So what’s the confusion? Well, CLNS is ISO’s attempt to make a clear distinction between adjacent-layer interaction services–the network layer providing connectionless service to the transport layer– and the protocols used to implement it such as, CLNP and IS-IS (Pepelnjak, 2008). This might lead to some initial confusion as there’s no such distinction in the TCP/IP. The IETF wizards were not too bothered with such fine semantic. They referred to data communication as either connection-oriented or connectionless. Anything else they stuff inside an IP packet and move on with their lives.

A similar confusion at times can be seen when people is learning about MPLS labels. They keep asking: “Where does it fit in?” And when you try to explain that it’s more of a Layer 2.5 than anything else you can see their eyes rolling. I guess we probably conditioned our brain at an early stage saying ‘every protocol must fit exactly within a specific layer’–not true– that we forgot that these are called reference models. Nothing more. Nothing less.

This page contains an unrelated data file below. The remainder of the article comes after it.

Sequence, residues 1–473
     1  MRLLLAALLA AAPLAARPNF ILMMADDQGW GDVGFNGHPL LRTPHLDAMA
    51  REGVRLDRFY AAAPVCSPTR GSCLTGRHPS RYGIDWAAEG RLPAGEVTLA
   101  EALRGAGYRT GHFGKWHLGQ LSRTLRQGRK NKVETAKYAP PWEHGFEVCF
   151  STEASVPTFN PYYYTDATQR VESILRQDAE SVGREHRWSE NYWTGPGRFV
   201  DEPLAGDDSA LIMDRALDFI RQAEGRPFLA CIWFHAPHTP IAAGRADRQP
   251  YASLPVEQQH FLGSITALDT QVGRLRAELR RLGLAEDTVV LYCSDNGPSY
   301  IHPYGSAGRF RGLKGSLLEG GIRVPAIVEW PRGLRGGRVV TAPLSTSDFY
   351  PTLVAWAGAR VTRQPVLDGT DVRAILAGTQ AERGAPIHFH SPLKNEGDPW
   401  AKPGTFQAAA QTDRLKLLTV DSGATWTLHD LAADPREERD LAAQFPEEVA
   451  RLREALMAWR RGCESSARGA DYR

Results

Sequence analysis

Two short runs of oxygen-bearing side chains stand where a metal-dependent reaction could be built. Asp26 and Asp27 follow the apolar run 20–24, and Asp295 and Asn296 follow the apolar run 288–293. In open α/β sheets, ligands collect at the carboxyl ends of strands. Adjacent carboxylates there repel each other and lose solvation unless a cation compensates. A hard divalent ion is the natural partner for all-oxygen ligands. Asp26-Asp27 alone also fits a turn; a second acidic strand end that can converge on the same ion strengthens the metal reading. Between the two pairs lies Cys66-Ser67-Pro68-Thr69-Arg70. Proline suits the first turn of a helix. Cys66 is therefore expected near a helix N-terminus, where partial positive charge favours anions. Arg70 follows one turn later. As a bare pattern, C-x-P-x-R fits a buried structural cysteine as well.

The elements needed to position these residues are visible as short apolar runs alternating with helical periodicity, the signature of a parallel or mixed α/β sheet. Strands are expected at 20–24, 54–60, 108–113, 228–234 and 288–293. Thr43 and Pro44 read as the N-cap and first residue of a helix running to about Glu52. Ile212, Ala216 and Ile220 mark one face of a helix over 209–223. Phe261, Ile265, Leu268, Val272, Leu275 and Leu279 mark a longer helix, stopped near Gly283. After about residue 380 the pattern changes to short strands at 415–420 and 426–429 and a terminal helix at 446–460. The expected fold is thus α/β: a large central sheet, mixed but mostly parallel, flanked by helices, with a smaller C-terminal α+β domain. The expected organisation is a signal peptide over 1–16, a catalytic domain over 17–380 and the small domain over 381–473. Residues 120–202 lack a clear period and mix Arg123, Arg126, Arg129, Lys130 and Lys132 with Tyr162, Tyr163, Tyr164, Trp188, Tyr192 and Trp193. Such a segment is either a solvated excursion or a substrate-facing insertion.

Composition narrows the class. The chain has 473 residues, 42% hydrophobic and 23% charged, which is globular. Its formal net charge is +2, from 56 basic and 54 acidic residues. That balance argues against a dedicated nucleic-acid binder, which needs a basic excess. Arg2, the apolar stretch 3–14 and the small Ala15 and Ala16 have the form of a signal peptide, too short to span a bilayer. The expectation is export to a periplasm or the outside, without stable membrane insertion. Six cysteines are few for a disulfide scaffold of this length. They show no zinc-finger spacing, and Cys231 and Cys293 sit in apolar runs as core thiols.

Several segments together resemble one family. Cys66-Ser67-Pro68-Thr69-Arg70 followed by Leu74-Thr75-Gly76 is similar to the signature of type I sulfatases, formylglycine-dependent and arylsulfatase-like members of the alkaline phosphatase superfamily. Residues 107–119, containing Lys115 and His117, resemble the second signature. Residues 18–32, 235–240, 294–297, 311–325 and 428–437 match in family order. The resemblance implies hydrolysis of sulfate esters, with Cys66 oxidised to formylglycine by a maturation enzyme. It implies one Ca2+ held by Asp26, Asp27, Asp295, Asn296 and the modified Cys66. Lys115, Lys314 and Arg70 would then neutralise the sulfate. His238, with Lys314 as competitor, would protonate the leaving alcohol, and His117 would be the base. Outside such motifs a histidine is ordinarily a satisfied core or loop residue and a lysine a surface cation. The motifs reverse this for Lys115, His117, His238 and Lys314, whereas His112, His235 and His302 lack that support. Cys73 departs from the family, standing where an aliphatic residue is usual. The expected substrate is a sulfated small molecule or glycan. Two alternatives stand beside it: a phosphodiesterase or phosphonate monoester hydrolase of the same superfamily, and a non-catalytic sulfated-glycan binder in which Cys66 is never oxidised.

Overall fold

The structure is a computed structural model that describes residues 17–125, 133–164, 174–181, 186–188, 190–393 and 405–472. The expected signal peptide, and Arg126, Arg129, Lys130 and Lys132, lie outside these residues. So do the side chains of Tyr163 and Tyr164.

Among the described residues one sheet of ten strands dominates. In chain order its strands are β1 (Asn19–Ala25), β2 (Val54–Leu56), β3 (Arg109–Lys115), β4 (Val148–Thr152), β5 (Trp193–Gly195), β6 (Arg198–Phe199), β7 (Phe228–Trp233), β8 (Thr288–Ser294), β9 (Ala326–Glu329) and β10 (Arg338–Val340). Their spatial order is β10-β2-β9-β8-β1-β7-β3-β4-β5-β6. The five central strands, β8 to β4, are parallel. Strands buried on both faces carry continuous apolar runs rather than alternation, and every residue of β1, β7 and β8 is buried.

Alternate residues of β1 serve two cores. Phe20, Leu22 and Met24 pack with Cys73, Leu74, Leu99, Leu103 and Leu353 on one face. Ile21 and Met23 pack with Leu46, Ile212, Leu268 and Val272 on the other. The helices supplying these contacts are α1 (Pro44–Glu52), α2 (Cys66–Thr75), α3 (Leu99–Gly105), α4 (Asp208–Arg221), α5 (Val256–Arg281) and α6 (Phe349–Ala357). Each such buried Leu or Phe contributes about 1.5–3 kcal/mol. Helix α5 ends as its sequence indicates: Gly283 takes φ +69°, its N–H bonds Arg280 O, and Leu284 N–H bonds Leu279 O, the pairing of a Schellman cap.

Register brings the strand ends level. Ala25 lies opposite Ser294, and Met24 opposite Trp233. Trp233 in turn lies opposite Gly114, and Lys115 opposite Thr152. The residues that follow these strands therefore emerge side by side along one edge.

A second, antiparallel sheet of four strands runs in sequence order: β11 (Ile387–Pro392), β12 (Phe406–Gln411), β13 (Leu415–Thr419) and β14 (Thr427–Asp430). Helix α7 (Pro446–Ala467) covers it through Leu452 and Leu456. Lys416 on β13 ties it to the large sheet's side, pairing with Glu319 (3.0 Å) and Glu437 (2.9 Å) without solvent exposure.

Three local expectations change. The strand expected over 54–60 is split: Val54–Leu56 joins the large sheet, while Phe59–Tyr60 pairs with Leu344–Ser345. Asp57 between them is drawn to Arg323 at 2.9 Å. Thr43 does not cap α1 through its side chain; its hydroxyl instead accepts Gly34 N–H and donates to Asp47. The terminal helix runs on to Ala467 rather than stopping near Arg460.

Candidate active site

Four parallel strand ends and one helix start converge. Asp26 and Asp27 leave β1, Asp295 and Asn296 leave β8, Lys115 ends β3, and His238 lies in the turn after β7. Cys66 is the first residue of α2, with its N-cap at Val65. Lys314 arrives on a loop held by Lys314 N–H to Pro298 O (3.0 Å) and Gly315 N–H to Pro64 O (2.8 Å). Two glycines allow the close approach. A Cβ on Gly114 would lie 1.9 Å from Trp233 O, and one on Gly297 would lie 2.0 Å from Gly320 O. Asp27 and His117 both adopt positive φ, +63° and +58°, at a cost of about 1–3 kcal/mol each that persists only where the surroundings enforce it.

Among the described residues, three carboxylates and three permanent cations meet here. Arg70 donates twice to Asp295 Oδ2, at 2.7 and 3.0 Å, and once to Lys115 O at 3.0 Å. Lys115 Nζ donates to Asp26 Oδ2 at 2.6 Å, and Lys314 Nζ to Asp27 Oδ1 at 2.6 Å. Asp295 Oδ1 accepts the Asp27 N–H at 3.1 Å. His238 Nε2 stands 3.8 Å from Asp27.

When it comes to data communication we essentially have connection-oriented and connectionless. ISO refers to these as CONS and CLNS respectively.

The process of two layers working together, with the lower layer providing services to the higher layer, thus helping transport user data between devices is called adjacent-layer interaction, i.e. CLNS–providing connectionless services to the ISO transport layer protocols.

In contrast to IP, CLNP is not the only layer 3 protocol and it sits alongside ES-IS and IS-IS supporting the ISO CLNS environment. ES-IS in used to support router to host communication in a similar fashion ICMP, ARP and DHCP supports IP. These protocols, however, are independent and are encapsulated directly into data-link frames.


Carroll, J. & Doyle, J. (2006). Routing TCP/IP Vol. 1: Cisco Press.
Martey, A. (2002). IS-IS Network Design Solutions: Cisco Press.
Pepelnjak, I. (2008). What is CLNS?:
Pepelnjak, I. (2009). IS-IS in OSI protocol stack: NIL
Rada, R. (1995). Sharing Standards: Consensus versus Speed?: Communications of the ACM
Wendell, O. (2013). Cisco CCENT/CCNA ICND1 100-101 Official Cert Guide: Cisco Press.